The Craft struck a chord with girls like me. Nancy proudly declaring to a bus driver warning the girls to watch out for weirdos that “we are the weirdos, mister,” was rallying cry. I wish there had been more internet in 1996 beyond AOL message boards; so I might have known that across the whole nation, teen girls like me were setting up pagan altars and slapping on back lipstick. Being into “the occult” became a fad and modern witchcraft saw a huge boost of interest following the film’s release. Personally, it made me more passionate about something I was already into and gave me witch heroines to identify with and emulate (through confidence and fashion, not murder). I still remember the pride with which I wore my black vinyl “Nancy coat” in the fall of 1996 and all the little covens that sprang up in when I made it to high school. I have no idea how many people fully committed to Wicca because of the movie, but it’s a practice I still follow, at least philosophically, to this day. Certainly no movie has come as close to showing an accurate picture of the religion.
The Craft wasn’t a perfect depiction of modern Wicca, but it wasn’t trying to be. The actual witchcraft in the movie is undefined, and the girls invoke a supreme power (the football field on which god and the devil play) that doesn’t exist in modern pagan worship. Indeed, the term Wicca is never used, which I actually appreciate. As much as I loved Buffy, which premiered a year after The Craft in 1997, nothing annoyed me more than when characters referred to Willow as “a Wicca.” Charmed, which probably owes its existence to The Craft (they even borrowed Love Spit Love’s cover of “How Soon is Now” from The Craft’s soundtrack to use in their opening credits) handled the term better. Their highly fictionalized version of magic was clearly fantastical from the get go and the term Wicca was mostly just pun-fodder and the show stuck pretty well to at least the core moral the principles of modern magic.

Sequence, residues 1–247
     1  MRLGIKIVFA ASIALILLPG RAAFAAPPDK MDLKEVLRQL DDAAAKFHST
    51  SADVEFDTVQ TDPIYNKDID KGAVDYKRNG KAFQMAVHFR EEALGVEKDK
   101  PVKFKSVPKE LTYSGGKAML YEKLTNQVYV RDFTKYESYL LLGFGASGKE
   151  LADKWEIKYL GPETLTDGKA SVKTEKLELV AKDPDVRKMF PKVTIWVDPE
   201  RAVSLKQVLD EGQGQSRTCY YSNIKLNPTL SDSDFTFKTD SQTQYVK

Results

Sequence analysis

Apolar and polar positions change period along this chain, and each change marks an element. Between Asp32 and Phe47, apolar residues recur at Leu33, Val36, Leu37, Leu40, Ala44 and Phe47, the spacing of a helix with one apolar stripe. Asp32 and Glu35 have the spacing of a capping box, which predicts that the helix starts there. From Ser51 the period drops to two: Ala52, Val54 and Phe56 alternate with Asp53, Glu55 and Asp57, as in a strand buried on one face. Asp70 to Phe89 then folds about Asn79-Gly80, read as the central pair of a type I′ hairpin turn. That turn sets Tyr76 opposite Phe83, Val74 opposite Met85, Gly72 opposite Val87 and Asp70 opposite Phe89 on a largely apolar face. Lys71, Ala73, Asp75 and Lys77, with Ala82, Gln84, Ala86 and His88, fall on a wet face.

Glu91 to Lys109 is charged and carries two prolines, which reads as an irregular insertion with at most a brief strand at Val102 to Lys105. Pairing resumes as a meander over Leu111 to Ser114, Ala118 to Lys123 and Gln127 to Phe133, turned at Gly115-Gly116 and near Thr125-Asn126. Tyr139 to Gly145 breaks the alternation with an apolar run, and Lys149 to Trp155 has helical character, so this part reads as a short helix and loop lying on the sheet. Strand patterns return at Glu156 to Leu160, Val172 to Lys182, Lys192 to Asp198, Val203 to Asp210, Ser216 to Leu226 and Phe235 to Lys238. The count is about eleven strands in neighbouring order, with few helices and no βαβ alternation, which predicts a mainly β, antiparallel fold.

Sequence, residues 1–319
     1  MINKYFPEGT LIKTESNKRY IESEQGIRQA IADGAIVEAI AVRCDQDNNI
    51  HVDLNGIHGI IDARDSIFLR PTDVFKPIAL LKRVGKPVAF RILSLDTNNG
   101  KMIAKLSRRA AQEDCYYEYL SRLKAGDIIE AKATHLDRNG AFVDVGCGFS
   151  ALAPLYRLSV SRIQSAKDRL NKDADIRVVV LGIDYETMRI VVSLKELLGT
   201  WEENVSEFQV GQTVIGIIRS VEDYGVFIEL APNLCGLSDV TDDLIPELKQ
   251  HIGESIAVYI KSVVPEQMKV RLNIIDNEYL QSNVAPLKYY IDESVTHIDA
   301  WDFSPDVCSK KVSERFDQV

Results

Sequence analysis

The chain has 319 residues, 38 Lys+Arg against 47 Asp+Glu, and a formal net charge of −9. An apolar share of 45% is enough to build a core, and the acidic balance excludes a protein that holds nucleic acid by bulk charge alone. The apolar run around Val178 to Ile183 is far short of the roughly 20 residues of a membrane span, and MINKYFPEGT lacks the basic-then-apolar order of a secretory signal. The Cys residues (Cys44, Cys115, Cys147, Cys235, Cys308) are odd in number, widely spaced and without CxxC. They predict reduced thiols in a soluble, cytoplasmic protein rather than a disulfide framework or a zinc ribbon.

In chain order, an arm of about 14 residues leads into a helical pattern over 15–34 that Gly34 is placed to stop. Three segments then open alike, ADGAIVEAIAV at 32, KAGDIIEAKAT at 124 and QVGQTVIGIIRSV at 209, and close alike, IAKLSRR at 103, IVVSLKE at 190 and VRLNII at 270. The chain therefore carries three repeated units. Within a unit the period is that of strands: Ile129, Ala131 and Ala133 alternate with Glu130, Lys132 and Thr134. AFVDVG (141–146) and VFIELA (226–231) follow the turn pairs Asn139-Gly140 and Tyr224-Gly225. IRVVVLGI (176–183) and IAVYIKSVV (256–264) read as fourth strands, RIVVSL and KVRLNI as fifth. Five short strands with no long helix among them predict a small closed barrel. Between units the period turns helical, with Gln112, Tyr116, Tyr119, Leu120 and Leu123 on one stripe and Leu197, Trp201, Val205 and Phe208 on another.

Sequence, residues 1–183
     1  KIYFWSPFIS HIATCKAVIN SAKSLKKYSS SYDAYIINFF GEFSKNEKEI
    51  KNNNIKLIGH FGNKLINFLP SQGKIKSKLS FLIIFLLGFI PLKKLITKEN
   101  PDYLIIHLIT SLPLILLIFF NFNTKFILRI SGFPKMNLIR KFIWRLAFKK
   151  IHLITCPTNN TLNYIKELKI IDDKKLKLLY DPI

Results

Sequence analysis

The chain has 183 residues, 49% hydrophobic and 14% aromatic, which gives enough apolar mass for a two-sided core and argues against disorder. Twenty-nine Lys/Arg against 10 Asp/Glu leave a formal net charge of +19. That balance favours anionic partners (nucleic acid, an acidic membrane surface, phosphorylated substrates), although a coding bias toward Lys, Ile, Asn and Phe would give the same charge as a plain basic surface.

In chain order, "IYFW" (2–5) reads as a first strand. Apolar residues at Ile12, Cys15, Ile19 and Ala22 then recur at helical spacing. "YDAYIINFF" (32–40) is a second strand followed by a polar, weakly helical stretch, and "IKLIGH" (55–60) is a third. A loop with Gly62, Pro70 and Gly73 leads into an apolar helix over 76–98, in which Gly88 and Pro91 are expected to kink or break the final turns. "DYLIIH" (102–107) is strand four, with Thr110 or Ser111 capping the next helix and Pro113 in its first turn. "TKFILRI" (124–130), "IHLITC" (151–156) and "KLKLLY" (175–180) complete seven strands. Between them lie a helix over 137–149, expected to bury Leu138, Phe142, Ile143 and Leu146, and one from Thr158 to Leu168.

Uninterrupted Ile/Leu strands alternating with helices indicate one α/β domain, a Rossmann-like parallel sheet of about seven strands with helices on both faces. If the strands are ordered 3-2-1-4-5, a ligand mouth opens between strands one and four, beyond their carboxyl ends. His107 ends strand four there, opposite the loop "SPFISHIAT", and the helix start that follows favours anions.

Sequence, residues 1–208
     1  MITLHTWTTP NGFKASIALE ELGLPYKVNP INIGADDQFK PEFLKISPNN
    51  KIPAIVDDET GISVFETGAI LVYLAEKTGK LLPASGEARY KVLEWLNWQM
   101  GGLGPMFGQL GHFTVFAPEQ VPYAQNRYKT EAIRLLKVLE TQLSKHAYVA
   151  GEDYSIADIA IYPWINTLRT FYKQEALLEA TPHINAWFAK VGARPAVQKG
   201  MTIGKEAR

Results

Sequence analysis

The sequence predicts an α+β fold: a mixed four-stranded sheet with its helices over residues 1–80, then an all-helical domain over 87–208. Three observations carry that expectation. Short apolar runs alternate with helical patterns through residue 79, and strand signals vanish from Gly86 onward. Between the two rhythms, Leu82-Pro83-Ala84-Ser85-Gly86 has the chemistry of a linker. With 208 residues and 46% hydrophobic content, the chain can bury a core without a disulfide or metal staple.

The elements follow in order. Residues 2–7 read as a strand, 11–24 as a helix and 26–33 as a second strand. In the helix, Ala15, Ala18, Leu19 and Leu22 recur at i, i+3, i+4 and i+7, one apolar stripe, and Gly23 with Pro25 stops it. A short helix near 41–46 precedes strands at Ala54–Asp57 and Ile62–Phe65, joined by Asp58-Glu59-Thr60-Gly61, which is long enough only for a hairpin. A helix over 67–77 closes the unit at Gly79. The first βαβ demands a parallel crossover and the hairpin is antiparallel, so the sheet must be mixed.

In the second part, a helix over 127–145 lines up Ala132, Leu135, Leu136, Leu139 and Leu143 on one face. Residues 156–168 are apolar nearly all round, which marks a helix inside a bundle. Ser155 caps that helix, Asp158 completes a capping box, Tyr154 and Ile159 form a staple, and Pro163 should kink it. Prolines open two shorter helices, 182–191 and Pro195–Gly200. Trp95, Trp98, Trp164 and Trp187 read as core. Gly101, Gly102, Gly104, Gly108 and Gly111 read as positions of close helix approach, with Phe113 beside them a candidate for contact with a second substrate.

Since then, actual witches haven’t done so well on the big or small screens. Witches are just another horror trope, which isn’t surprising. Magical women have always been a staple of scary stories and horror, because nothing is more frightening to the establishment than women with power. Witches still show up everywhere, from The Witch on the big screen to television shows like American Horror Story, but nothing has ever quite matched The Craft in tapping into a certain zeitgeist. In The Craft, the witches weren’t others or monsters or fantasies, they were us–weird girls latching on to something that promised them a way to be strong and celebrated being weird. Maybe we’ll see something like it again soon, though; a reboot of The Craft is currently in development at Sony, this time with a female writer/director who promises that the new movie will be more of a “twenty years later” story than a remake. I think all of us have high hopes. But maybe casting a luck spell won’t hurt.
featured image via Columbia Pictures
Want more stories like this? Become a subscriber and support the site!
—The Mary Sue has a strict comment policy that forbids, but is not limited to, personal insults toward anyone, hate speech, and trolling.—
Have a tip we should know? firstname.lastname@example.org